Making time for making at Ottauquechee
STEAM — Science, Technology, Engineering, Art and Mathematics — gives students the opportunity to create. To make. Maybe to fail. To try again! And to make something that improves a condition, solves a problem, or makes the world a better place. But if your school currently doesn’t offer a STEAM time, it can be daunting to figure out where to begin. And that’s where we pick up our story of Ottauquechee School, in Quechee VT, where we used Design Thinking, a portable makerspace and one amazing library space to figure out how STEAM Time could work at this school.
Welcome to Ottauquechee STEAM Time.
Seeing failure as iteration
A trio of students at Crossett Brook Middle School, in Duxbury VT, have spent the past two years building a go-cart. When their first cart snapped in half on its maiden voyage, the students took that incident as a challenge, and the next year, they figured out what had gone wrong, and better yet, what would make it go right.
And the results have to be seen to be believed.
It’s a movement, not a moment
Every teacher should consider making time for Genius Hour (sometimes called 20% time or Passion Projects). We know that when students are given the opportunity to explore their own topics, they gain skills in self-direction.
But I’ve come to believe that the ideal Genius Hour involves as much of the school as possible. Here’s what it could look like.
Structures to support student artists
Art is “the expression or application of human creative skill and imagination”. To teach children that expression or application sounds like a lofty endeavor. But that is exactly what art teachers do in our schools every day.
If art is the expression of creativity and imagination, then we need new models. Because art is about voice and originality. There is no right and wrong way to express your vision and creation.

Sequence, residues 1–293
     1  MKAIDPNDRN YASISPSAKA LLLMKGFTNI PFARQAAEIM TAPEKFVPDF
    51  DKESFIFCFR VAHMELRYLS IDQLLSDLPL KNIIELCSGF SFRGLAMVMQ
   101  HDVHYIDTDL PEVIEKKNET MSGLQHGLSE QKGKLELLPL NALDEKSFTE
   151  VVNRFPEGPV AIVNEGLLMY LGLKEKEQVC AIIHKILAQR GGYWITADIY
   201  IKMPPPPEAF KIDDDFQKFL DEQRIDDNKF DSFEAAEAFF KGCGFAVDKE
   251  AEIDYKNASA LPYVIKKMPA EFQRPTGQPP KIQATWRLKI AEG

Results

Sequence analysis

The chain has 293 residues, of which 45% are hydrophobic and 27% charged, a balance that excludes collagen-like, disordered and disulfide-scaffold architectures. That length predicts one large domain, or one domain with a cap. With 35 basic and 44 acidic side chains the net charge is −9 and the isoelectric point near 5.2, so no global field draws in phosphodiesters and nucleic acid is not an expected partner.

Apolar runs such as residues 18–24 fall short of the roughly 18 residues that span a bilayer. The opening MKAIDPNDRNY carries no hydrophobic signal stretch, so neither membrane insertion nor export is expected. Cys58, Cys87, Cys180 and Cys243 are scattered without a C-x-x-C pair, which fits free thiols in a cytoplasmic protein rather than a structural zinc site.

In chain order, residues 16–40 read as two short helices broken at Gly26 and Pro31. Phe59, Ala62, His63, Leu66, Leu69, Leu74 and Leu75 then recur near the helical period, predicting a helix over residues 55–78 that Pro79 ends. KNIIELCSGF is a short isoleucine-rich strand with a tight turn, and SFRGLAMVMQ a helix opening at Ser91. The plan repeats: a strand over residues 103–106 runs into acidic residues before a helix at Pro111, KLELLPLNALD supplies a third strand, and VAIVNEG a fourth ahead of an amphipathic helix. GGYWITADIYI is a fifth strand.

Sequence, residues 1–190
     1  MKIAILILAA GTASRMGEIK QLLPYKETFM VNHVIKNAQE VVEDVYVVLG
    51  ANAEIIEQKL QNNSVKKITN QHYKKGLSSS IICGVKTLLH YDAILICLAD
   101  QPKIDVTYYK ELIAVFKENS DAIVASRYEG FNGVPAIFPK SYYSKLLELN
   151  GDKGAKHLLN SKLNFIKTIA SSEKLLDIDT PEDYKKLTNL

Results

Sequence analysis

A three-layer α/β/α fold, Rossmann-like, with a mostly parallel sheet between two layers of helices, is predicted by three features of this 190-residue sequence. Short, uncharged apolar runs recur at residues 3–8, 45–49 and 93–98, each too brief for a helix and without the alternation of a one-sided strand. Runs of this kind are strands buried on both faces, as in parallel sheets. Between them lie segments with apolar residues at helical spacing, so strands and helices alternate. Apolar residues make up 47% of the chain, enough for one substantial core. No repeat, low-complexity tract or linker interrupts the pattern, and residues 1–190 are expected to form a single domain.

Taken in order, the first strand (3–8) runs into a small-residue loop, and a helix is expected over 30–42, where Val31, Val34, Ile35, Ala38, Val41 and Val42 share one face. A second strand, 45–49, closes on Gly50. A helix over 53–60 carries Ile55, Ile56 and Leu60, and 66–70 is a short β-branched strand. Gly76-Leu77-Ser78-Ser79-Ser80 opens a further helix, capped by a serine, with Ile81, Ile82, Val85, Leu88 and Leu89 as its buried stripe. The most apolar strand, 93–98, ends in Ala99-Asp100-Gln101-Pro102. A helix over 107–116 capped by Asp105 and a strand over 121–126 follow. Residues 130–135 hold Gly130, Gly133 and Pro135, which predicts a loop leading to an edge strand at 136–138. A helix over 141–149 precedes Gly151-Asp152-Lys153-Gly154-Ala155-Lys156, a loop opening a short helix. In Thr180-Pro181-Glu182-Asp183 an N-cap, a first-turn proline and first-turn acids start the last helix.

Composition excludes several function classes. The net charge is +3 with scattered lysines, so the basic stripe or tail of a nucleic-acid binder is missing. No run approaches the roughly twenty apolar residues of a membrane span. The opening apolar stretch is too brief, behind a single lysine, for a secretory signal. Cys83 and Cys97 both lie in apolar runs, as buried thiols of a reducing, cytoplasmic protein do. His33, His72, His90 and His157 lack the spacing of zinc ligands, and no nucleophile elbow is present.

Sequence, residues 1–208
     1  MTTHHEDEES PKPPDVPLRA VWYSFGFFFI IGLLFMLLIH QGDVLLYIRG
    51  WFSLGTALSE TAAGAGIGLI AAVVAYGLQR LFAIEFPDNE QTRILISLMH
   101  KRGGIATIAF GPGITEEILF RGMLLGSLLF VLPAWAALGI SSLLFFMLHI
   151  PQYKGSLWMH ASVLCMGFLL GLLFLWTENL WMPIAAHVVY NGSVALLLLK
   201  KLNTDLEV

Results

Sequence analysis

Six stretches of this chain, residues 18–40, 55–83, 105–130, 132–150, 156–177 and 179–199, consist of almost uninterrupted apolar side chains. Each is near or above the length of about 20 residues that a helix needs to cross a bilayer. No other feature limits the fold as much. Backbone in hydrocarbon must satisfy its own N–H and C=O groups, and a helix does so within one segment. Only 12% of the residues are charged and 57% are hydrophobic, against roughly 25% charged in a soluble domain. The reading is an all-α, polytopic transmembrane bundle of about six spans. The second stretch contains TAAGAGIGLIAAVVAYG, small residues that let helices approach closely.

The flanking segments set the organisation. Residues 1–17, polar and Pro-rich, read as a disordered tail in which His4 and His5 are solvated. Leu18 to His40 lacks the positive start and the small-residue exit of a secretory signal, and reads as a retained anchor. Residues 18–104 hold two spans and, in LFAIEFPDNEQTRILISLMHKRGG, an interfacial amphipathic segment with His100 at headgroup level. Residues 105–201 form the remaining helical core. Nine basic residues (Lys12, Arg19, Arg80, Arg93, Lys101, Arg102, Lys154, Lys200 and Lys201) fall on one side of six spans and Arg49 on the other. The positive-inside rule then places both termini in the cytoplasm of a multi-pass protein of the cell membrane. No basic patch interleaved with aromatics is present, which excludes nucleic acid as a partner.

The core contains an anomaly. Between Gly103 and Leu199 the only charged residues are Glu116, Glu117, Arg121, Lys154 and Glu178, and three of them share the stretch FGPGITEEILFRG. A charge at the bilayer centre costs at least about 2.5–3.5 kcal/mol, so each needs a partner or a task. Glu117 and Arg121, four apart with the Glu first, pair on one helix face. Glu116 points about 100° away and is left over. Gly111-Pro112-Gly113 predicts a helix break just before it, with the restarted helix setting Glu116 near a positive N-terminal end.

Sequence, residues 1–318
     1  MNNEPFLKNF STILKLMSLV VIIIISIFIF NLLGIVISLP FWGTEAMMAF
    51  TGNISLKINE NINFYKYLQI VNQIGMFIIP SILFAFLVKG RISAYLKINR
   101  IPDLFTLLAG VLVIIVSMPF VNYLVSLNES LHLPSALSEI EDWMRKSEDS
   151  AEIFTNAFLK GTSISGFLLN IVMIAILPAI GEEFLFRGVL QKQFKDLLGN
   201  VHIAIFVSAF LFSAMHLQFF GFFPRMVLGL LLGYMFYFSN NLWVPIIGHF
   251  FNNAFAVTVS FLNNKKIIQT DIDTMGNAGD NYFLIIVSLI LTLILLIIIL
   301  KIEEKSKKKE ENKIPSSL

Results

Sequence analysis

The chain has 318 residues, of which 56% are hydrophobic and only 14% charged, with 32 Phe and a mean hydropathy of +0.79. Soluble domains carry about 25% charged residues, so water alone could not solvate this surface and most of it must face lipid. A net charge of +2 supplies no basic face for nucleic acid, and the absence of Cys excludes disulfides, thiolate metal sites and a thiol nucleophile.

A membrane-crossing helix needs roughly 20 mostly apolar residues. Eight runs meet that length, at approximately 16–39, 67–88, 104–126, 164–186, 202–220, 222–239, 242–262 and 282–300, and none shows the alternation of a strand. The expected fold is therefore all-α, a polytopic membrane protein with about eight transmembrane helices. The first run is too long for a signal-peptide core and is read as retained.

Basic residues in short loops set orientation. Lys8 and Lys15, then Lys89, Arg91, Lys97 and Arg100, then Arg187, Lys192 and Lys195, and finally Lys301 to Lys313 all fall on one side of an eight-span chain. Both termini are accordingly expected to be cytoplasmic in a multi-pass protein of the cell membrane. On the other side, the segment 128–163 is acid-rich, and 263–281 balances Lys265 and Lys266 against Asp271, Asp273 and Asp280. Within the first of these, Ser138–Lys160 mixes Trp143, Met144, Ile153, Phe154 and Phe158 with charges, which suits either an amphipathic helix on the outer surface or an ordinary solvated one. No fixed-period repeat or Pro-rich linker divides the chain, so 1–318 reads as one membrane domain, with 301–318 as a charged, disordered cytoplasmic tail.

Katy’s 2016 Summer Reading
Something about this book title and summer reading fits perfectly. The open ocean, pirates, and fierce independence. I’m hoping you have a bit of time to settle into some reading for fun and some that inspires you in the classroom to have students take on more leadership and develop their own independence.
Lessons learned from passion-based research
Passion-based research goes by many different names; 20% Time and Genius Hour are just two different terms that describe school projects that center upon personal inquiry and innovation to spark motivation in students.
For the past several years, students in my 7th grade social studies classes have engaged in 20 Time. Based on a framework employed by such innovative employers as Google, GE, Skype, and Apple, this four-month, decentralized unit provides students with 20% of their class time, or one day per week, to develop, research, design, test, and refine a project on a topic of their own choosing.
When applied within the classroom, this opportunity is meant to increase student engagement, independence, and responsibility, while allowing me to model explicit research and design skills, to provide an environment of entrepreneurship, and to give students access to feedback from authentic, real world audiences.
Curating lists of online resources for deep dives into content research
We have been spending much of our time here at the Tarrant Institute exploring the idea of what engagement looks like in a learning environment where access to resources is ubiquitous, where learning can and does take place anytime, anywhere. That is why when Lisa Nielsen’s Learning without Teachers, Textbooks, or Tests – a Case Study, crossed my personal learning network (PLN), I perked up.
Don’t get me wrong, I have no interest in exploring a world with no teachers, but I could imagine one without the other two Ts in her title. I am interested in guiding others with robust examples of self-directed learning, or as Nielsen puts it, real-life learning ventures.
New podcast episode: Essex STEM Academy
In this episode, we talk with math educator and STEM Academy leader Lea Ann Smith about Essex High School’s STEM Academy and take a look inside a program that lets students pursue projects in medicine, engineering, computer science, mathematics or biology — by working with community partners during the school day.
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